Judge allows controversial new defense witness in Tensing trial

Last year, a federal judge criticized Scott Roder for opining beyond his expertise in a case involving an officer-involved shooting.

May 26, 2017 at 1:55 pm

A video still from Ray Tensing's body camera following the shooting of Sam DuBose in Mount Auburn July 19, 2015.
A video still from Ray Tensing's body camera following the shooting of Sam DuBose in Mount Auburn July 19, 2015.

Hamilton County Common Pleas Court Judge Leslie Ghiz today ruled to allow testimony from defense witness Scott Roder in the retrial of former University of Cincinnati police officer Ray Tensing. Roder says he has worked as an expert doing forensic animation on more than 500 cases. But a federal judge last year faulted Roder for opining on areas outside his expertise.

Tensing’s defense, led by attorney Stew Mathews, hired Roder as an expert witness in Tensing’s murder and manslaughter retrial for the shooting death of unarmed black motorist Sam DuBose during a traffic stop in Mount Auburn in July 2015. A previous trial ended in a hung jury in November last year.

Ghiz ruled today that Roder’s testimony as a video analyst expert would be allowed in the trial, though Roder admitted he is not certified specifically as a video analyst.Roder says he's unbiased and scientific and has worked with video for years, taking a "common sense" approach to such evidence.

Ghiz also allowed prosecution video expert Grant Fredericks to again appear as an expert after his credentials were reviewed in court.

Tensing said he feared for his life when he shot DuBose. He initially claimed he was dragged by DuBose’s car, though footage from the officer’s body camera showed that did not happen.

Roder will be allowed to testify that, according to his analysis, Tensing felt justifiable fear for his life when he drew his gun and shot DuBose once in the head within a second of DuBose’s car lurching forward. But animations of the shooting Roder made for the defense are off-limits.

“Any animation that he has done is not being admitted,” Ghiz said. “The best evidence is the video itself. He can be considered and can be used if the defense so chooses as a video analyst expert.”

Roder is the founder of The Evidence Room, an Independence, Ohio-based forensic animation company. In court, Roder said he has testified in over 500 cases over the course of 24 years, including 50 officer-involved shooting cases.

But in at least one of those cases, Roder presented his opinions as facts, according to the federal judge.

In a March 2016 ruling about a case involving a police-involved shooting in Columbus, Roder testified for plaintiffs claiming excessive use of force by an officer who shot an armed man.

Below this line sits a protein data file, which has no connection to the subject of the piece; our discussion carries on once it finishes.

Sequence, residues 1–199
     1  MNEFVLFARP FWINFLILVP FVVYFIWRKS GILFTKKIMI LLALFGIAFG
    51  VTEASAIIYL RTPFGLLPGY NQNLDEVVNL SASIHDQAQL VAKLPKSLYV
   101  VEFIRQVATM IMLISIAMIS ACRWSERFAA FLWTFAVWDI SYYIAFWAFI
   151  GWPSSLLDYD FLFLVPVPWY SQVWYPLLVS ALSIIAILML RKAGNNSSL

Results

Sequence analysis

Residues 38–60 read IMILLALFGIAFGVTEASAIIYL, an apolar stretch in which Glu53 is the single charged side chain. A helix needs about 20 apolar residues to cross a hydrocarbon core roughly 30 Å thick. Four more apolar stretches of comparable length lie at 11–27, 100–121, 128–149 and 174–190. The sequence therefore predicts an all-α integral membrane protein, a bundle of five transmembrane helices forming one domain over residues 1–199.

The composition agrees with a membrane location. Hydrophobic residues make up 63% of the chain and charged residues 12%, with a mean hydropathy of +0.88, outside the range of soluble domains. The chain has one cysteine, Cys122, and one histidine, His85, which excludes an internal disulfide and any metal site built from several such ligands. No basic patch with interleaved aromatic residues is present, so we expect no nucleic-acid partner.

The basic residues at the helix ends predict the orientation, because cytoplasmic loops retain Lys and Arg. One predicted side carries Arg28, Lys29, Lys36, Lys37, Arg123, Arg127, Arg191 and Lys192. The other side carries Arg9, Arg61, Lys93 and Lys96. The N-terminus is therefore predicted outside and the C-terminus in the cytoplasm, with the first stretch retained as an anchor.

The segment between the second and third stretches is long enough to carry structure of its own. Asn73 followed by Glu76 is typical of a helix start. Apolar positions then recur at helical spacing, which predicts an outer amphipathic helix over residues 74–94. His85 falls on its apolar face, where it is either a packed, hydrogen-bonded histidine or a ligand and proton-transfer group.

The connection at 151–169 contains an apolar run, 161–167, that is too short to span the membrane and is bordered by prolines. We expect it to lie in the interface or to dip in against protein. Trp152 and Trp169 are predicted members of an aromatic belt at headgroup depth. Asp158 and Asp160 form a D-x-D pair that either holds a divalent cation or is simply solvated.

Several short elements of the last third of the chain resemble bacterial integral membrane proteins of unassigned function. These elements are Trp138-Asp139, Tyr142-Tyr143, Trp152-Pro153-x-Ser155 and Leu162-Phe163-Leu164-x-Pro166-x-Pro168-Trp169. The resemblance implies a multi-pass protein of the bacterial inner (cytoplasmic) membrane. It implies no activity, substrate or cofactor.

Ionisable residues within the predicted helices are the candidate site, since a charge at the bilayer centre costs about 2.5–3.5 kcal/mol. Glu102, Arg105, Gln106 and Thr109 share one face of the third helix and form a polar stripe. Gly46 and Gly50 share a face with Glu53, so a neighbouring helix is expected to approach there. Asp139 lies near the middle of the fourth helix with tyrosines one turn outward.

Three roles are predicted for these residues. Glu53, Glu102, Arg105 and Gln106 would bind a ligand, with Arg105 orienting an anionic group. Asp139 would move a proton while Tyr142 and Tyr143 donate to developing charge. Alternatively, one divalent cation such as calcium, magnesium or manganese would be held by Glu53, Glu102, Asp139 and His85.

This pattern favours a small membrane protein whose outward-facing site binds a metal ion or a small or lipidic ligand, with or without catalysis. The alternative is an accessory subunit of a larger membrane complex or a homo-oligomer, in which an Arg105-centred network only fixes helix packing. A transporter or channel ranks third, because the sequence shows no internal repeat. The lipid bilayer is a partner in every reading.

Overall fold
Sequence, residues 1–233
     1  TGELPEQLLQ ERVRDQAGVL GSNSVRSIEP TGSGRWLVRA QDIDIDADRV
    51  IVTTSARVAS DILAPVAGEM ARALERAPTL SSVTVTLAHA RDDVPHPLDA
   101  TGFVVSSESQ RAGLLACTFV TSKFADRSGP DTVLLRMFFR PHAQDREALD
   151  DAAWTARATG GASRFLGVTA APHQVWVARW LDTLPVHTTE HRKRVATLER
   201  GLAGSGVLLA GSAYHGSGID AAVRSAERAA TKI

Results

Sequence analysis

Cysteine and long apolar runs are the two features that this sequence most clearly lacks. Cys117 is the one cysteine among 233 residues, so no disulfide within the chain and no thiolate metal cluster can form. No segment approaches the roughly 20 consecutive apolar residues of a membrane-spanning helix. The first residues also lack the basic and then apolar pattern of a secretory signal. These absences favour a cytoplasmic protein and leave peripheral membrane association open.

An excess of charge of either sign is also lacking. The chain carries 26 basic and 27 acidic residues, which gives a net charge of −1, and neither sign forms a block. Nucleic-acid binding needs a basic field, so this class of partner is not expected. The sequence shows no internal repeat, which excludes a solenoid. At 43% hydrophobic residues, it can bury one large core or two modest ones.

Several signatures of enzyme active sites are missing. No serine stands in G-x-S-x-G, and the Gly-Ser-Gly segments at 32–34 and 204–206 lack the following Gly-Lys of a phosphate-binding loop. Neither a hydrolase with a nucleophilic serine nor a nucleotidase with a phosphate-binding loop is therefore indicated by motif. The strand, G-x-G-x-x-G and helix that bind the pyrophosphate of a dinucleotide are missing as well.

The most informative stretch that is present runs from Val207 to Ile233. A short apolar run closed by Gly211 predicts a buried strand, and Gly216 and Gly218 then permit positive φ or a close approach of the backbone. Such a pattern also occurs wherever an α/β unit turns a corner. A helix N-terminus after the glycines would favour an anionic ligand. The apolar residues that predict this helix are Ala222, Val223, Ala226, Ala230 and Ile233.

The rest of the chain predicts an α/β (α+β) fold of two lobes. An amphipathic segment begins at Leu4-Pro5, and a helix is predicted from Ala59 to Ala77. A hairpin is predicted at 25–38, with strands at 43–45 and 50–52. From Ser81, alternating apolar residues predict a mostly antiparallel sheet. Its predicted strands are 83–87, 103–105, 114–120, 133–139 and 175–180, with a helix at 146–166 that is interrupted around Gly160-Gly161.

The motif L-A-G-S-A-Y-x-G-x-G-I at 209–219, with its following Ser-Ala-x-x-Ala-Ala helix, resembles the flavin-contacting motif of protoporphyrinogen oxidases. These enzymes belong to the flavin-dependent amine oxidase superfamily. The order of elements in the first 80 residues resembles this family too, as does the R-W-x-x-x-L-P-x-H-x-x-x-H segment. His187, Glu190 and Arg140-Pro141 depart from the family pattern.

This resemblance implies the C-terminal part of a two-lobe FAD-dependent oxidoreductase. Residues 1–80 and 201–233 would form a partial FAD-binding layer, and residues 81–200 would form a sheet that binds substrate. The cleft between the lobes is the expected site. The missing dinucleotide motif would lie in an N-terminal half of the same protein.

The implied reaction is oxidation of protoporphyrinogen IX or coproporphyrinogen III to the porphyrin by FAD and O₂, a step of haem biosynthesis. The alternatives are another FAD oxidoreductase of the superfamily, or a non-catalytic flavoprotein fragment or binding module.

In a ruling siding with the defense, U.S. District Court Judge Gregory Frost cited Roder’s “proclivity for offering opinions” and noted multiple times when Roder offered speculation as fact on issues where he was not qualified to offer expert opinion.

“Roder explained at his deposition that he has been previously qualified as an expert in forensic animation, although he explained he is not a forensic scientist,” wrote Frost, who presides over the Southern District of Ohio Eastern Division. “He testified that he was not offering an expert opinion in this case, but that he was ‘demonstrating the physical evidence through [a] 3D computer-generated crime scene.’ Roder then proceeded, essentially, to offer an opinion on the central issue in this case…”

Frost later faults Roder for offering “assumptions conflated with data, all of which he is interpreting,” and of “not being an expert capable of asserting several of the opinions he offers.”

Prosecutors grilled Roder during today’s hearing, and were not pleased his testimony will be admitted as evidence.

“He has no scientific basis to say anything he’s said,” Hamilton County Prosecutor Seth Tieger said during the proceedings.

This won’t be Roder’s first high-profile case. His company, The Evidence Room, was involved in a controversy around the Oscar Pistorius trial in South Africa. Pistorius, a famous para-olympian, was on trial for shooting his girlfriend when his uncle hired The Evidence Room in 2013 to produce an animation of the incident that looked to prove that the shooting was an accident.

That animation wasn’t used as evidence in the case, but it did end up airing on an Australian cable news network during the trial — something Pistorius’ lawyers said was illegal and threatened a lawsuit over. Roder also provided commentary to Channel 7, the broadcaster that aired the video. Channel 7 says the video was obtained and aired legally in Australia.